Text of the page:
• ENG-6380 Literary Theory and Criticism (3 hours)
    Various contemporary critical approaches to the study of literature and to research tools and methods used in literary studies. Course is offered every year Fall semester in the morning/afternoon.

  • ENG-6520 Twentieth Century American Fiction (3 hours)
    Forms and themes in American fiction from World War I to the present. Writers include Fitzgerald, Hemingway, Faulkner, Morrison. Course is offered on a rotating schedule. Next class is Spring 2018.

  • ENG-6540 Modern Drama (3 hours)
    Development of Western modern drama. Dramatists include Ibsen, Chekov, Shaw, O’Neill, Pirandello, Williams, and Beckett. Course is offered on a rotating schedule. Next class is Spring 2018.


Mathematics – This endorsement requires 24 semester hours/12 upper division or graduate level coursework in Mathematics. Candidates are required to take 1 graduate level coursework in Mathematics and to pass State Test #115 Mathematics. Concordia offers both an endorsable major and minor in Mathematics.

Coursework

  • MAT-6200 Topics in Statistics (3 hours)
    Introduction to basic statistical concepts and applications in the classroom. Course is offered every semester.

  • MAT-6220 Topics in the History of Mathematics (3 hours)
    Major trends in mathematics from earliest times to the seventeenth century with a focus on the outstanding contributions and applications to the classroom. Course is offered every other year (even years) Spring semester.

  • MAT-6230 Topics in Problem Solving with Number Theory (3 hours)
    Problem solving techniques with applications to natural phenomena, games, and puzzles. Use of principles of Number Theory to solve problems. Course is offered every other year (odd years) Spring semester.

  • MAT-6370 Topics in College Geometry (3 hours)
    An introduction to the Euclidean and non-Euclidean geometries and their axiomatizations with applications to the classroom. Course is offered every other year (even years) Fall semester.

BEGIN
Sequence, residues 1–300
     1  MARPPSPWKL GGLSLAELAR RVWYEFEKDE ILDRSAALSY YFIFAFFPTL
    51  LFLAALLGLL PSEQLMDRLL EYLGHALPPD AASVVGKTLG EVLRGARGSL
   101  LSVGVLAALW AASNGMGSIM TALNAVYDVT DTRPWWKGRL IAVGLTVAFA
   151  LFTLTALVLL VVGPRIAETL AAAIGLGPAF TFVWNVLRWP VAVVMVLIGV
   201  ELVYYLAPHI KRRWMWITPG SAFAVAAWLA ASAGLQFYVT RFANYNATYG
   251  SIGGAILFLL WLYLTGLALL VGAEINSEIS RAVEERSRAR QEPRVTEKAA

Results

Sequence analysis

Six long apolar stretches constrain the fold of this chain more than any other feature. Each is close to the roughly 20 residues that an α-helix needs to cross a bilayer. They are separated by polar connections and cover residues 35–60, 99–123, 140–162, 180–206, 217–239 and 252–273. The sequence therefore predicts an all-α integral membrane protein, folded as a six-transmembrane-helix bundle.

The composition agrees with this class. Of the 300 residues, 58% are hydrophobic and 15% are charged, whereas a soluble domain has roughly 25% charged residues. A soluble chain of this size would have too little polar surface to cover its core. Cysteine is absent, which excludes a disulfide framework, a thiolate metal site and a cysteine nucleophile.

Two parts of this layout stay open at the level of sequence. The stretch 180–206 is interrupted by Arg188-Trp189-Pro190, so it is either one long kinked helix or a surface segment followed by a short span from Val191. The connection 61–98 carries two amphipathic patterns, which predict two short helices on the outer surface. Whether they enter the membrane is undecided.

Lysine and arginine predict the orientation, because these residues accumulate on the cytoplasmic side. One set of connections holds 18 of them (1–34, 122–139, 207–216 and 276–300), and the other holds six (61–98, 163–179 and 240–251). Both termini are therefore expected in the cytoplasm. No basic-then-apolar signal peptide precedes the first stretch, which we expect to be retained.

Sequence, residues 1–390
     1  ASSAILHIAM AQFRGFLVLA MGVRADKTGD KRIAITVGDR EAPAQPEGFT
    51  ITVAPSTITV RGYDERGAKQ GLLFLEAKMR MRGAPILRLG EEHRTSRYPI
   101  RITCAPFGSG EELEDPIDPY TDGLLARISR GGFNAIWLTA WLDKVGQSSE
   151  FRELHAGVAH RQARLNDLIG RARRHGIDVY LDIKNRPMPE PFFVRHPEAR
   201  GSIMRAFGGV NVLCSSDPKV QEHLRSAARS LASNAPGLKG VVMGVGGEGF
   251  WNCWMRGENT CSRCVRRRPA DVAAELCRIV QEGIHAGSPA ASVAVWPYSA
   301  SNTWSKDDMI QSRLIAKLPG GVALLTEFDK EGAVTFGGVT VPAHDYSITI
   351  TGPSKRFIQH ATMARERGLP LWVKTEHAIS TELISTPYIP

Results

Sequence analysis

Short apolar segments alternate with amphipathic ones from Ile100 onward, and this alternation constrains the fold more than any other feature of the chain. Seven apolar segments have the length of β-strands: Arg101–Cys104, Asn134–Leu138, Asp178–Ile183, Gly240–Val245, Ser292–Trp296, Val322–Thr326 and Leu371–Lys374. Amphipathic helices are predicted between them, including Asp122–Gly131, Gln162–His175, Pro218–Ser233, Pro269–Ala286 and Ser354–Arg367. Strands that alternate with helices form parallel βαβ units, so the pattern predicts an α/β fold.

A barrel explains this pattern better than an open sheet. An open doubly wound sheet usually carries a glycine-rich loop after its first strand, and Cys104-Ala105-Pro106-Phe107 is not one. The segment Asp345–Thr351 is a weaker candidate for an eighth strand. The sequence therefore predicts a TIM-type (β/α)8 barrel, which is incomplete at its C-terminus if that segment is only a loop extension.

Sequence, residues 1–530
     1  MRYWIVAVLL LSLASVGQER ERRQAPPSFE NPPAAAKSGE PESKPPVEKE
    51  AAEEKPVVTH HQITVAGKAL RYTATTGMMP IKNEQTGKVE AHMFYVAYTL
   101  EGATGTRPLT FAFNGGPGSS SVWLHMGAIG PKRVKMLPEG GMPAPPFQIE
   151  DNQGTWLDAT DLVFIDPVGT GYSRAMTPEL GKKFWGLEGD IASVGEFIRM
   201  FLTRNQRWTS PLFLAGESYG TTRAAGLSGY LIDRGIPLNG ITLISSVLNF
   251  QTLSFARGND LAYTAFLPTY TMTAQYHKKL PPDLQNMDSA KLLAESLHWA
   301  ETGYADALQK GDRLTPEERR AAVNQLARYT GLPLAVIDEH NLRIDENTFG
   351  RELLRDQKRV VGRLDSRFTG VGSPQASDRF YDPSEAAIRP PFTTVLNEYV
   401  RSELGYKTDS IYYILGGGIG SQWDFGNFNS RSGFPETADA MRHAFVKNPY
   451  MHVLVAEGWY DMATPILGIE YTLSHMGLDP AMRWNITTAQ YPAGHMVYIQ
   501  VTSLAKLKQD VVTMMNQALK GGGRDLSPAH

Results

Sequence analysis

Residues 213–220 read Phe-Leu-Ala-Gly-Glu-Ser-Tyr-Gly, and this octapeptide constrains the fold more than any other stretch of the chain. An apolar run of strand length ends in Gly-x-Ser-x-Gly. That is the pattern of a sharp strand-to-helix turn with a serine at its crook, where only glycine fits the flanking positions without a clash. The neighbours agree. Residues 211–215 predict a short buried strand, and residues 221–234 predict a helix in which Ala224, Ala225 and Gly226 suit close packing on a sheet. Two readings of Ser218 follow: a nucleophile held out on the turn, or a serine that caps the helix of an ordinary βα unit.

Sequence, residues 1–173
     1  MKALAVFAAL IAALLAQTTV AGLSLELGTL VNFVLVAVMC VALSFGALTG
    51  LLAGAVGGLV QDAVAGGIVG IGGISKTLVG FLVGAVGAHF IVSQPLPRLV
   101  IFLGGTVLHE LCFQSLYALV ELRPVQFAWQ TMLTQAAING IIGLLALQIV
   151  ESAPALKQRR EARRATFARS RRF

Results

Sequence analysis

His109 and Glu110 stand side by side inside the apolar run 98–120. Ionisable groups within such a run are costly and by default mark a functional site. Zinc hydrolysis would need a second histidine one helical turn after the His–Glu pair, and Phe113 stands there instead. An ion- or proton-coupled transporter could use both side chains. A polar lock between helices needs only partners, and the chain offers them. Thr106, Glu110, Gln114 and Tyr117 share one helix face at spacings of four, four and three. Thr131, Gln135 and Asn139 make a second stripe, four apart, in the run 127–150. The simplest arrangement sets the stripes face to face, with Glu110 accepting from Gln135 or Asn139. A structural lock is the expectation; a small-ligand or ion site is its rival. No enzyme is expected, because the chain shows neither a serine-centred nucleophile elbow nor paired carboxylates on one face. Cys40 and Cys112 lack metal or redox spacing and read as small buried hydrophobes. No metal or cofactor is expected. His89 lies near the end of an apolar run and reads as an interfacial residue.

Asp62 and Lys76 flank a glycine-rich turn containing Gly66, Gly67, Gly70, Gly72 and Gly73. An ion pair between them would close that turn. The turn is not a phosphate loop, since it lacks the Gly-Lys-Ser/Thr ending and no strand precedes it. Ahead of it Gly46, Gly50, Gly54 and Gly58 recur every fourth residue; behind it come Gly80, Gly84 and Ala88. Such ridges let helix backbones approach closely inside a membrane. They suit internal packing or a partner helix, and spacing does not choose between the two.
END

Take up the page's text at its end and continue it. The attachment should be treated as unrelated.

Physical Education – This endorsement requires 24 semester hours/12 upper division or graduate level coursework in Physical Education. Candidates are also required to take 1 graduate level coursework in Physical Education and pass State Test #144 Physical Education. Concordia also offers Special Certification in K-12 Physical Education – see Specialists K-12 Programs.

Coursework

  • PES-6420 Physiology of Exercise (3 hours)
    Scientific basis for the development of physical fitness and conditioning programs. Bioenergetics of human movement; physiological adaptations during and following exercise with emphasis on developing a comprehensive literature review.

    Prerequisite: PES-3400 or BIO/PES-2111 or equivalent with a grade of C or better.
    Course is offered every Fall semester.

  • PES-6660 Curriculum Design (2 hours)
    Theories and processes of curriculum development, implementation, and assessment for the middle and secondary school setting with an emphasis on developing a comprehensive review of current physical education curriculums. Course is offered every Fall semester.

  • PES-6410 Biomechanics (3 hours)
    Function of the skeletal, articular, and neuromuscular systems in producing efficient movement. Application of mechanical principles in performing sport skills, dance, and adaptive activities with an emphasis on developing a comprehensive literature review. Prerequisite: PES 3400 or BIO/PES-2111 or equivalent with a grade of C or better. Course is offered every Spring semester.

  • PES-6431 Physical Growth and Motor Development (3 hours)
    Physical growth, motor skill acquisition and learning and motor performance primarily from infancy through adolescence with emphasis on developing a comprehensive literature review on the principles of motor development. Course is offered every Spring semester.

  • PES-6740 Measurement and Evaluation in Human Performance (3 hours)
    Theory, practice, and analysis of tests and evaluation procedures related to the study of human performance with emphasis on developing a comprehensive literature review. Course is offered every Spring semester.

  • PES-6210 Fitness Testing and Exercise Prescription (3 hours)
    Techniques for conducting fitness assessments and developing exercise prescriptions. Prepares the practitioner to develop personal fitness programs based on the results of fitness assessments and other relevant information and apply those techniques to clients during the course of the semester. Computer applications.